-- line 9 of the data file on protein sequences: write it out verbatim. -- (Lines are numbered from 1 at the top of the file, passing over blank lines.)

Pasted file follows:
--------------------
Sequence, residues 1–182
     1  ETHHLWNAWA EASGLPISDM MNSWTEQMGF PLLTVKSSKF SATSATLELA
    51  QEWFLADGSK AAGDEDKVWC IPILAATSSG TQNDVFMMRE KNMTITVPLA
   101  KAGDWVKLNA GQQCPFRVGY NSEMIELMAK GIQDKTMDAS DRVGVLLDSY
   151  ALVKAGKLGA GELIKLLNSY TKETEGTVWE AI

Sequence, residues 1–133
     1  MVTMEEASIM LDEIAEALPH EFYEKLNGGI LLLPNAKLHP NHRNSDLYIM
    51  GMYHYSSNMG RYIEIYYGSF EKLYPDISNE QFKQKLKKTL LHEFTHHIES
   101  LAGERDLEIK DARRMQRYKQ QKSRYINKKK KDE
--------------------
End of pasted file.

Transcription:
   101  LAGERDLEIK DARRMQRYKQ QKSRYINKKK KDE